When a two-year-old is antsy and curious, parents squirm. Especially when it’s the day of the younger brother’s baptism and the entire family is in the pews, the church is full, and you have imagined this moment as perfect. Mom’s arms are full with a newborn, and Dad is wrangling two other preschoolers.
As parents, most of us have been there. We try to summon superpowers so that the glare from our eyes will magically curtail the exploration. We marvel at the superpowers of our children who can suddenly make their bodies completely limp and boneless when we try to pull them off the floor, out from under the pews, and in from the aisles. We wither a bit inside as our children choose this day, this moment, to explore, to fuss, to wander.
But here’s the thing: They’re kids. And this is their church too.
I’ve been to churches and with parishioners who still espouse the philosophy of children as seen but not heard. I remember the chiding from a fellow congregant when my children were little. I was feeding my 10-week-old, and our three-year-old wiggled out of the seat and to her father, who was preaching. He scooped her up and continued. After the service, the parishioner told me I needed to control my child and heaped on other digs about my poor parenting. My hurt and indignation burn a decade later.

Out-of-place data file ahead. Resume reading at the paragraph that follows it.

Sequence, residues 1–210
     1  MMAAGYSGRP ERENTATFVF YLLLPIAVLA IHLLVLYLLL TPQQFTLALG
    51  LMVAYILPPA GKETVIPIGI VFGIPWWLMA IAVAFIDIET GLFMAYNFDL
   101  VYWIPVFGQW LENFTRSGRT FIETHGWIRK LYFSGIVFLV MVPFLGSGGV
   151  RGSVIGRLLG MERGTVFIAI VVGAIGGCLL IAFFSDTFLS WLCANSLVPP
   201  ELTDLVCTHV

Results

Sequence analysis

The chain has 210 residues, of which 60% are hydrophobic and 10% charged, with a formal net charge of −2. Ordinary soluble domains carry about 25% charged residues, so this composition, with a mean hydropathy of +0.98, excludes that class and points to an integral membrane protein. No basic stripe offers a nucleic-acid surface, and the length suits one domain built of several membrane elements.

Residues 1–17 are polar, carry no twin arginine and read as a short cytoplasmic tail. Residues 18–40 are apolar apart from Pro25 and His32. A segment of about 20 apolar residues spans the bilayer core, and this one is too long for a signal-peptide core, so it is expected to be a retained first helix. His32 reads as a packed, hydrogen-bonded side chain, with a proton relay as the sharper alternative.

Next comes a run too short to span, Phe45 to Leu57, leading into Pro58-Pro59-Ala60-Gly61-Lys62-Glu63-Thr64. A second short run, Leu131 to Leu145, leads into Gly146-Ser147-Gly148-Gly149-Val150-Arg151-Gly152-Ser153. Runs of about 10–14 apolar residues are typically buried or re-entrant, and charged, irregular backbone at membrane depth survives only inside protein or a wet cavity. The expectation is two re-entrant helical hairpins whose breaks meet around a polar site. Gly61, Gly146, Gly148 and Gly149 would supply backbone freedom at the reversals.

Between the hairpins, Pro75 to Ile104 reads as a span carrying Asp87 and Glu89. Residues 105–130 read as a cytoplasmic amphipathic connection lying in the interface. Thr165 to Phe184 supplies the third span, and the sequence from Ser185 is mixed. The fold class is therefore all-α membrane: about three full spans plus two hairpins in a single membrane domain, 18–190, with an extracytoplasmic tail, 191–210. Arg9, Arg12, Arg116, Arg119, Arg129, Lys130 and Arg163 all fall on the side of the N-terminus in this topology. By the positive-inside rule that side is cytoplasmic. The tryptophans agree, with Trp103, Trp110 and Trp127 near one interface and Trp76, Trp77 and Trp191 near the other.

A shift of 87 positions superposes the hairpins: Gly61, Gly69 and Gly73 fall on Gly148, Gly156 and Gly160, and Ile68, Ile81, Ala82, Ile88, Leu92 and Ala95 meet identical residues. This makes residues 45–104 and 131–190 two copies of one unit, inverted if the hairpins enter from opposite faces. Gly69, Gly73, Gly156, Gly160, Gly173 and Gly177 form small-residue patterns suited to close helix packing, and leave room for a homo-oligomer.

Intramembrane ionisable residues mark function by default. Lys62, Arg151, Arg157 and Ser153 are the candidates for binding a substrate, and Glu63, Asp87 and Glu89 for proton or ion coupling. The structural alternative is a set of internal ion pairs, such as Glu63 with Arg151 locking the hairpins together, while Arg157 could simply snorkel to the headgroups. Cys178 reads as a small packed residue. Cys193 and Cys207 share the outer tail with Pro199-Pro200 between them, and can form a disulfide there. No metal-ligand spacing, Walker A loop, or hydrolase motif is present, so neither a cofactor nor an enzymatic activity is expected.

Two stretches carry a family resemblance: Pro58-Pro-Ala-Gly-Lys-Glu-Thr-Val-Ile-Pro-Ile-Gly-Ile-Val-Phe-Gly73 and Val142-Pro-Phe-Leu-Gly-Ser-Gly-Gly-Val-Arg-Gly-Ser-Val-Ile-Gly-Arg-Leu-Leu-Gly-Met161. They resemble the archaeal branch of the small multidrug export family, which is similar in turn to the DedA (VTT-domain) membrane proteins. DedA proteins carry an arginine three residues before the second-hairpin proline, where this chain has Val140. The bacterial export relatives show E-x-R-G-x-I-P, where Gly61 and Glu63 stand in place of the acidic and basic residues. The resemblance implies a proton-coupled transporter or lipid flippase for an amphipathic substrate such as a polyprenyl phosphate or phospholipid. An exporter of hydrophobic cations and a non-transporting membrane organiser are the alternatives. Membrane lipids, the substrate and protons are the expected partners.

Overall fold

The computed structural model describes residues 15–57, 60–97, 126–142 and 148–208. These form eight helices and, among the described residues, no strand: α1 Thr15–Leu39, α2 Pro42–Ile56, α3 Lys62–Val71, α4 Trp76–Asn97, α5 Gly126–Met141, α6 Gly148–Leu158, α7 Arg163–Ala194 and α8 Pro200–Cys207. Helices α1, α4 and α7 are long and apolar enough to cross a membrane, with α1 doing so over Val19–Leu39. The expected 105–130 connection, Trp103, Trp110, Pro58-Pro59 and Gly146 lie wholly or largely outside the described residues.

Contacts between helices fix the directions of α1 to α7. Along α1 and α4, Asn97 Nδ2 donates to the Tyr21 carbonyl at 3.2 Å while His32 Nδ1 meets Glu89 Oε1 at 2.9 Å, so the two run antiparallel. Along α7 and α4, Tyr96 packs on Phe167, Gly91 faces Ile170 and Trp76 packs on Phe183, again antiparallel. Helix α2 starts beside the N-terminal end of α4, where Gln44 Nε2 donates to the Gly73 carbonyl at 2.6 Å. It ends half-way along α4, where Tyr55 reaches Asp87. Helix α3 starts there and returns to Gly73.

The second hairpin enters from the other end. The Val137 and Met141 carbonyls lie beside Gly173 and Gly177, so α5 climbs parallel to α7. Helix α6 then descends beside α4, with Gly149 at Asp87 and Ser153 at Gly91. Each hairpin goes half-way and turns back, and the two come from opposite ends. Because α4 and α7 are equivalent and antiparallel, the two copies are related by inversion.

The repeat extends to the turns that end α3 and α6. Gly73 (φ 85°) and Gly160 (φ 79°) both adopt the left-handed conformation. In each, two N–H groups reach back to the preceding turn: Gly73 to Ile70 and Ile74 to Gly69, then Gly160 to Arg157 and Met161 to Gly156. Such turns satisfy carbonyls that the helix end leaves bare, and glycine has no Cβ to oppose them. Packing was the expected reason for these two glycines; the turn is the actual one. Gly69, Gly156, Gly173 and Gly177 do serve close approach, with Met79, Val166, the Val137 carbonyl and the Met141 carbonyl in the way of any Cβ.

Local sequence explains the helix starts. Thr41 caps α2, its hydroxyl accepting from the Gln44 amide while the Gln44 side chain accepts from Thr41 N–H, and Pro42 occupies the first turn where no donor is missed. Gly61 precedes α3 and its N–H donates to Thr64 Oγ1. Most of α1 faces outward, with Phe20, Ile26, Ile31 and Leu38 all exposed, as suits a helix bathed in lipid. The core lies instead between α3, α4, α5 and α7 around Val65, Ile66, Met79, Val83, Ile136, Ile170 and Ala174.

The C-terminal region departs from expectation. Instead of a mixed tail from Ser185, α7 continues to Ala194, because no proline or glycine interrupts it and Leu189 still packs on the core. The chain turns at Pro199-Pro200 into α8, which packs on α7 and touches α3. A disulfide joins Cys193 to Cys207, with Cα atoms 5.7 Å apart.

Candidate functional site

This past Sunday, we celebrated the baptism of a beautiful baby boy. And his brother, like toddlers are prone to do, wanted to wander, to see his grandpa in the choir loft, to take a lap around the organ, to peer over the edge of the baptismal font. His parents were embarrassed and, with other family members, tried to bring him back into the pew, to sit quietly and color, and to the back of the church. But he had other plans.
During the baptism, the family gathered around the font, including this brother and two sisters. The priest and congregation shone the love of Jesus this day. The priest invited the boy and his sister to help pour the water into the font. He invited them to touch the water, to be in the circle, to be a part of this sacred sacrament. When the little boy started to walk away, the priest brought him back, talked directly to him, and encouraged him to participate in the moment. These young children were ministers as well as the priest, taking an active role in welcoming the newest member of the Body of Christ.
During the announcements, the priest talked about how wonderful it is to have a church teeming with children. It’s a true blessing, he said.
And indeed it is. I want to be in a place that embraces all people, including young, wiggly, wandering ones, as a blessing, not a burden. And I’m pretty sure Jesus wants that too.
How do you make young wiggly ones welcome in your church?